Sunday, June 07, 2015

Sheffield Doc/Fest 2015 - THE LOOK OF SILENCE

Joshua Oppenheimer is a documentarian of rare patience, empathy and wisdom. He has spent much of the past fifteen years exploring and documenting the aftermath of the military coup in Indonesia in the mid 1960s that resulted in a totalitarian regime coming to power and remaining the source of power to this day. In the months immediately following the coup the military encouraged the ordinary people of Indonesia to create mobs and summarily execute actual and alleged Communists. The numbers are staggering. Hundreds of thousands of people were murdered. And what amazes me, as someone who thinks of herself as fairly well read, is that these events are virtually undiscussed in the West as well as in Indonesia. Those killers returned back to live in their communities alongside the families of their victims. One might wonder how this situation didn’t explode in recrimination and violence but is it any wonder given the combination of a repressive government, an almost pathological desire to forget, and a highly selective narrative taught in schools. 

And then, into this situation steps Joshua Oppenheimer, and with his films he has forced not just the world to acknowledge this horror, but the people he comes across too. The result - two remarkable, tough, and at times surreal films - THE ACT OF KILLING and THE LOOK OF SILENCE. Both were filmed as part of a single project but the results are very different. THE ACT OF KILLING, released in 2012, interviewed men who had killed their neighbours and looked on in horror as they boastfully re-enacted those crimes. The boastfulness was provocative. Is this how all murderers would act if their regime were still in power? Or did it actually represent the fashioning of a narrative of normalcy to describe guilt and fear? Either way, the resulting film was one of the toughest watches of that year and remains a masterpiece. This is what documentary film-making does best opening up a previously hidden narrative and rather than giving us the answers, forcing us to deal with painful questions.

THE LOOK OF SILENCE is a quieter, less surreal documentary but in some ways it’s a tougher watch and desperately moving. We focus on the victims this time, with a 44 year old optometrist called Adi still dealing with the murder of his brother Ramli. He fears for his adorable children, taught that the victims were evil Communists and tarnished by association decades later. He fears for his father, going senile with old age, who will never have the closure he needs. His mother is a beacon of honesty in a country seemingly self-condemnded to untruth. She knows that when her son, stabbed and gutted, crawled back to her house, and the local thugs came to “take him to hospital” what really happened. And while nervous for Adi, she wants the truth. This simple bravery is startling when set in contrast with most people who just want Adi to shut up and let it go - not least his Uncle who was himself a Guard. Adi attended the screening at Sheffield and says he is not particularly brave. But I think he is the bravest person I have ever seen. His insistent, unrelenting, quiet questioning gives this movie its heart and finally a sadness beyond anything in THE ACT OF KILLING. One wonders if Adi feels some kind of peace from having confronted the very men who killed his brother. They seem to have constructed such walls of boastfulness around themselves that it really is shocking to see them rattled. But maybe peace isn’t finally the point. Maybe we should feel angry and unsettled?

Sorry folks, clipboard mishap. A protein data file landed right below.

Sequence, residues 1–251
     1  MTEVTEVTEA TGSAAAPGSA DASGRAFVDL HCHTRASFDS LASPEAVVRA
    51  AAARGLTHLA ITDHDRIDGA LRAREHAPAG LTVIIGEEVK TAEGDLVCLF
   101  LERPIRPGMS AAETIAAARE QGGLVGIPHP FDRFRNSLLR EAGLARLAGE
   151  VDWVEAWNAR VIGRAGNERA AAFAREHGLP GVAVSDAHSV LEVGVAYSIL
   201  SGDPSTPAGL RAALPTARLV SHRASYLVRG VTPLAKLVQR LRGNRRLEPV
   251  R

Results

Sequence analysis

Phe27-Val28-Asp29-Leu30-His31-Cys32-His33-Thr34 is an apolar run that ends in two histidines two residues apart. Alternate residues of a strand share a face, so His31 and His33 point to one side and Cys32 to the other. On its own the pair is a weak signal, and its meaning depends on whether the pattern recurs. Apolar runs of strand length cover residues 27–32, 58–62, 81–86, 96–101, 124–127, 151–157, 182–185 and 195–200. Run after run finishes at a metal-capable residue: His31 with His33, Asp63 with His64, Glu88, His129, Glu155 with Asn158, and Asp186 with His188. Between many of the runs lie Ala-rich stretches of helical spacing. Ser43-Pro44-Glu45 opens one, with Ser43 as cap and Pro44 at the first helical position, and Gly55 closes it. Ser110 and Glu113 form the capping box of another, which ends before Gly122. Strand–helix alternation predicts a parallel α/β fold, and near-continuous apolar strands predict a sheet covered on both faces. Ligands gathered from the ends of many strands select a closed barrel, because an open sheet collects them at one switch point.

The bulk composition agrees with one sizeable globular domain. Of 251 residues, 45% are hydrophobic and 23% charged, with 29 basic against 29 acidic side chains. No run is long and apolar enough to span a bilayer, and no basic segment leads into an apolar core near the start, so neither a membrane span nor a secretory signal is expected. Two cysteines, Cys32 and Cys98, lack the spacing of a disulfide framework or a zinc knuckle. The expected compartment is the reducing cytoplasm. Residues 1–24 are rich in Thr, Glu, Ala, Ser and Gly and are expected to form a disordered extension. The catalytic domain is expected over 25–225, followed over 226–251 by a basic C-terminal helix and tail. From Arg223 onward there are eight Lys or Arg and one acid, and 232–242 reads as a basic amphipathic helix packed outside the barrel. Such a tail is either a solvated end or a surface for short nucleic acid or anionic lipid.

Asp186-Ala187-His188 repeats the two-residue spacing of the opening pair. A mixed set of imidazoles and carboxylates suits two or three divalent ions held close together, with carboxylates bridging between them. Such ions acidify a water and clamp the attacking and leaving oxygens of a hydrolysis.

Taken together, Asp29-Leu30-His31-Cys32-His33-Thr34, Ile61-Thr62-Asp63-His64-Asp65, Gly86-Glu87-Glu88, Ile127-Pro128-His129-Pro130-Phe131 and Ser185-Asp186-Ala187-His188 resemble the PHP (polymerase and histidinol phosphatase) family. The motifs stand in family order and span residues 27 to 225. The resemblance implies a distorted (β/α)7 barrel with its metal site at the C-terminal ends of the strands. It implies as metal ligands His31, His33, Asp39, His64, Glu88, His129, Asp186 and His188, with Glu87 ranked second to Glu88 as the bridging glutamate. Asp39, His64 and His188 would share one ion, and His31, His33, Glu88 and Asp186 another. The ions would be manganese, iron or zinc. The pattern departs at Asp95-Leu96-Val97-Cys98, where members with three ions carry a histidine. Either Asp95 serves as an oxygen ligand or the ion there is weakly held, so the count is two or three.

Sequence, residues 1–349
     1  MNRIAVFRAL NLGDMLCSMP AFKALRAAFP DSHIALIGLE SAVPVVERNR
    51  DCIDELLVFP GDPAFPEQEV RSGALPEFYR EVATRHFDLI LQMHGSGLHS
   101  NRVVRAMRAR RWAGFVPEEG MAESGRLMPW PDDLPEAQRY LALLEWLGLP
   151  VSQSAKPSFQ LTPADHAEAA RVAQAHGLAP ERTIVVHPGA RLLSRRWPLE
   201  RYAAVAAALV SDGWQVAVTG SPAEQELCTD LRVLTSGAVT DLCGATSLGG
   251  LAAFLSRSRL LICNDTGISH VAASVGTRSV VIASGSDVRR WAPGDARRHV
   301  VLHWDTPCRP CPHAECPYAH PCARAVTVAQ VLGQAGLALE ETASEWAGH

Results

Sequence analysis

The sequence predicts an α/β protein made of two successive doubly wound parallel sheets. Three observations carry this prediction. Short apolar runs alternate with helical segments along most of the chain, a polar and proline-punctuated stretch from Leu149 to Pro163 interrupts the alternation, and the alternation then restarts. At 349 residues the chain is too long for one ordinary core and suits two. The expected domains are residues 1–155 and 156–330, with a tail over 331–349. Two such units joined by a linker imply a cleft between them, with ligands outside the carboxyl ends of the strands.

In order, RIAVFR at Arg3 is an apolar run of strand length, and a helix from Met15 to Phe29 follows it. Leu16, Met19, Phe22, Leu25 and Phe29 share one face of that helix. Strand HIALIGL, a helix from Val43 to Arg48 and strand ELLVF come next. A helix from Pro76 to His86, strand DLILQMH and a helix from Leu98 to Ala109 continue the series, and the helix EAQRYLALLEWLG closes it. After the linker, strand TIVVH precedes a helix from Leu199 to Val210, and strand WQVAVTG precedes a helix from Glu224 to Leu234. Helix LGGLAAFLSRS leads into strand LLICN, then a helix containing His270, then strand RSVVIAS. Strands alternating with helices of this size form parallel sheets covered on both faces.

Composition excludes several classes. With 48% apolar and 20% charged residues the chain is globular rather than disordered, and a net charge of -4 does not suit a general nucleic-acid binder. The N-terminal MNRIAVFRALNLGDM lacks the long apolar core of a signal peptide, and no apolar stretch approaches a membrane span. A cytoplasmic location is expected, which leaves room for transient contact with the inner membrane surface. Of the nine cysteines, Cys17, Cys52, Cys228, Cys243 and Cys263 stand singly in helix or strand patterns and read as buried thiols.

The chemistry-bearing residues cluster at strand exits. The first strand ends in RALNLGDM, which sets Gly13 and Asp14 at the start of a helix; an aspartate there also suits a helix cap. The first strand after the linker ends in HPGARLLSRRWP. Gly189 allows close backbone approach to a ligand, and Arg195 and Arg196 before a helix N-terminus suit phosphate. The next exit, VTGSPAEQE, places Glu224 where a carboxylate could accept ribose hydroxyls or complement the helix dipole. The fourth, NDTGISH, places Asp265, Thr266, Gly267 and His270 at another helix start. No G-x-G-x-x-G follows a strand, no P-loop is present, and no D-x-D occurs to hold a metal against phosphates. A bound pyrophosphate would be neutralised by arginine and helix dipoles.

THE LOOK OF SILENCE has a running time of 103 minutes and is rated PG-13.  The film played Venice, Telluride & Toronto 2014 and was released last year in Italy and Denmark. It was released earlier this year in the Netherlands and Slovenia. It is playing Sheffield Doc/Fest and will open in the UK and Portugal on June 11th and in the USA on July 17th.

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